Projects


Projects: Projects for Investigator
Reference Number NIA_UKPN0031
Title Link Alert
Status Completed
Energy Categories Other Power and Storage Technologies(Electricity transmission and distribution) 100%;
Research Types Applied Research and Development 100%
Science and Technology Fields ENGINEERING AND TECHNOLOGY (Electrical and Electronic Engineering) 100%
UKERC Cross Cutting Characterisation Not Cross-cutting 100%
Principal Investigator Project Contact
No email address given
UK Power Networks
Award Type Network Innovation Allowance
Funding Source Ofgem
Start Date 01 February 2018
End Date 01 February 2021
Duration ENA months
Total Grant Value £275,600
Industrial Sectors Power
Region London
Programme Network Innovation Allowance
 
Investigators Principal Investigator Project Contact , UK Power Networks (100.000%)
  Industrial Collaborator Project Contact , UK Power Networks (0.000%)
Web Site https://smarter.energynetworks.org/projects/NIA_UKPN0031
Objectives The project will test prototypes and then install into link boxes remote monitoring equipment that can detect increases in temperature, moisture, current and voltage. The devices will remotely send a signal if there is any change. This will enable proactive response to investigate potential issues before a failure occurs. The detailed project activities are as follows:1. Identification of site locations where sensors are to be installed: The plan is to target high risk areas with older link boxes for the trials in a variety of environments.2. Procurement: We will conduct an open tender to ask the market to demonstrate prototype devices. Products from selected bidders will be tested under controlled conditions that are not on a live network. 3. From the prototypes tested, we will select which one(s) will be developed and procured in numbers for a live network trial. 4. Install sensor systems at identified sites.5. Data gathering from trials and analysis of data. 6. Reporting: This will include internal and external reporting for reviewing and communicating progress on the project. This includes the NIA Annual Progress and the Close Down reports.7. Plan for business as usual rollout. Subject to the success of the trials, the rollout plan may include updating any policies and procedures relating to link box deployment as well as management of inspection and maintenance going forward. The project will install remote monitoring equipment into link boxes in a variety of environments, both urban and rural. It will include the monitoring and testing of both the sensor equipment and the communications platform. A 6-month trial period is proposed with appropriate review points to ensure it is progressing successfully. The project will include the development of appropriate documentation required for rollout if the trial is successful. A time and budget extension was approved in April 2020 to lengthen the trial period and incorporate more time for data analysis and project closedown. To maximise the learnings from the project, the trial will gather data through winter and summer periods. This is to gather enough information to determine appropriate recommendations for seasonal and/or dynamic alarms. The project objectives are two-fold:1. Reliably communicate with devices installed under the bell cover of link boxes in a variety of environments.2. Remotely monitor link boxes for abnormal running conditions and increases in temperature and moisture level.3. Develop fault passage indicators which can be interrogated without lifting the bell cover of a link box.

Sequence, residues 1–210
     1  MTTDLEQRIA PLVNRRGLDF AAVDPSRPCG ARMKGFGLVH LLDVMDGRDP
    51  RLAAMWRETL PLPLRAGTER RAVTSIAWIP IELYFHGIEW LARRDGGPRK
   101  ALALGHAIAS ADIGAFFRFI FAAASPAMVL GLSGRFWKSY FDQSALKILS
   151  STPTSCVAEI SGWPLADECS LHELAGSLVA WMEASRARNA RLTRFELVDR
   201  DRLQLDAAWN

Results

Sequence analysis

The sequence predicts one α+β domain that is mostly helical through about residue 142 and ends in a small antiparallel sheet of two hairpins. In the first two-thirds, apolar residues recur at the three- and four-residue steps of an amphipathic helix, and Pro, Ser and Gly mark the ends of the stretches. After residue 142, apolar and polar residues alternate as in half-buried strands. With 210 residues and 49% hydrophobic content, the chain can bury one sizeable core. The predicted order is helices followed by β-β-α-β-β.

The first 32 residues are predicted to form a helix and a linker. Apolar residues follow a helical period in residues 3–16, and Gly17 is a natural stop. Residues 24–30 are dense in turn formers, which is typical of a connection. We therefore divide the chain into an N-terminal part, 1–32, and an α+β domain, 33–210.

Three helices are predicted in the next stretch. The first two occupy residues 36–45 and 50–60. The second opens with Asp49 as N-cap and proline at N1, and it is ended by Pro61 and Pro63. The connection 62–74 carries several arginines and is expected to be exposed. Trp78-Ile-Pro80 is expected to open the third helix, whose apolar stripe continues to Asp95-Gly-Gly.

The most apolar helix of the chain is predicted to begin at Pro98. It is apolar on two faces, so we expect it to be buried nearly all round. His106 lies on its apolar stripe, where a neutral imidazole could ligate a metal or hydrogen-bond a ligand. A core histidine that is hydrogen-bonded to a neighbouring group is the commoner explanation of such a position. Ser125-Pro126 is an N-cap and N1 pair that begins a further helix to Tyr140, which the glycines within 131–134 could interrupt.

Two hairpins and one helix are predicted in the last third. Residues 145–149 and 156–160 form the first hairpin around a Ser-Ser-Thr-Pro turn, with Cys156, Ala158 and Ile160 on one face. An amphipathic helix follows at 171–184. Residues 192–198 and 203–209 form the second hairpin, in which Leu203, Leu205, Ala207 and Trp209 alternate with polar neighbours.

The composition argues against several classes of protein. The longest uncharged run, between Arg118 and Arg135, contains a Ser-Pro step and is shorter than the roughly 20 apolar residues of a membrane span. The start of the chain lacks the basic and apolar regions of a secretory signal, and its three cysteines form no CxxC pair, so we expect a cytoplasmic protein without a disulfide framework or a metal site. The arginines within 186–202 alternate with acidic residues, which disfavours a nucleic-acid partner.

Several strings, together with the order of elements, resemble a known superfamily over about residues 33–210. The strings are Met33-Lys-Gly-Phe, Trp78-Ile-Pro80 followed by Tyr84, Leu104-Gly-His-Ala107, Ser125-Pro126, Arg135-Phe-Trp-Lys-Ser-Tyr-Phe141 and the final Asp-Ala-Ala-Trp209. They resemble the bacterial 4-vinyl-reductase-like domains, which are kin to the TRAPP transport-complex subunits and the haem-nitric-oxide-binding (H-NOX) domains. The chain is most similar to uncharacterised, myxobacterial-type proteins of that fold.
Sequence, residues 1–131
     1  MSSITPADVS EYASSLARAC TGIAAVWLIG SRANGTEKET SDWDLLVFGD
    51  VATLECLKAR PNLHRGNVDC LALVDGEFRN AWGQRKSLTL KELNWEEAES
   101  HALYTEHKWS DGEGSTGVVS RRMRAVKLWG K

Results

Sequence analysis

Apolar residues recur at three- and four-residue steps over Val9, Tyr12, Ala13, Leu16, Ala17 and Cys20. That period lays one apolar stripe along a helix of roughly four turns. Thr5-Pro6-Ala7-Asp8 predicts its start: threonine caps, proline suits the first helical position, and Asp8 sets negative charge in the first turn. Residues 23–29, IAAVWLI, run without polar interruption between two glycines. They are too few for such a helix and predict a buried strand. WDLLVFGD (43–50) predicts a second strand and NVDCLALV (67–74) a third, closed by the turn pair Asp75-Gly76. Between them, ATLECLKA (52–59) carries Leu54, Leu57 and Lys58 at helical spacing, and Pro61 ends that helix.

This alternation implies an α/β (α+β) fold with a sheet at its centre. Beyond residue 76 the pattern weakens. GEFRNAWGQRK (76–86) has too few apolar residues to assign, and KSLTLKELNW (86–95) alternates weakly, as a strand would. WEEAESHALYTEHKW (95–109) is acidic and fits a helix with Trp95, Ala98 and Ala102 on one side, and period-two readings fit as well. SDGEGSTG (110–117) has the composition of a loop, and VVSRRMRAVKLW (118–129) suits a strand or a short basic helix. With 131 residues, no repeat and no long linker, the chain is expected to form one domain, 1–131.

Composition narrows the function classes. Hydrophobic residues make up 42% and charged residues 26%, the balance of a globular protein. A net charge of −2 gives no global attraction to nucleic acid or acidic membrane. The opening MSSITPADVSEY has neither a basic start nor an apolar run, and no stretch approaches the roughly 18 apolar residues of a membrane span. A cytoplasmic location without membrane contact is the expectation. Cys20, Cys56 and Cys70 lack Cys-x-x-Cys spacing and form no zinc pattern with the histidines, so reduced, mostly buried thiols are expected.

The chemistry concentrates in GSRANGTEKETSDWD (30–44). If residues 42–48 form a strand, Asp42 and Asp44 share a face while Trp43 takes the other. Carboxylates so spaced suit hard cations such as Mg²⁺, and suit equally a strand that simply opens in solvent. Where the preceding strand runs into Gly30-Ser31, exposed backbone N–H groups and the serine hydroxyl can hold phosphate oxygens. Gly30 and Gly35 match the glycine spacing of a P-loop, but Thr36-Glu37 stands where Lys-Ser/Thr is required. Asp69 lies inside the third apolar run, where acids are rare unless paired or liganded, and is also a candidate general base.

Abstract UK Power Networks have experienced disruptive link box failures over the last five years. Mitigations have been put in place to reduce the volume of these, and to limit the impact of this failure. However, there is more we could do to further reduce failures and we believe the root cause is high temperature and moisture ingress. In-situ monitoring of link boxes has not previously been conducted for a number of reasons, primarily because cost effective remote communications from link boxes has not been possible. This cost barrier has been compounded by the harsh environments link boxes are installed in with a lack of auxiliary supply and extremely poor radio reception. Due to this, link boxes require more frequent inspections than the majority of our assets which is expensive and resource-consuming. Having remote monitoring of link boxes will allow the time between inspections to be increased whilst concurrently improving the safety of the network.Communication with link boxes were demonstrated in previous projects (SULVN and FUN-LV). In these trials, there were a number of data communication issues. These included missing measurement data and incorrect current direction. We believe advances in technology and our learnings from these other projects will enable us to develop a solution with higher reliability.
Publications (none)
Final Report (none)
Added to Database 14/12/22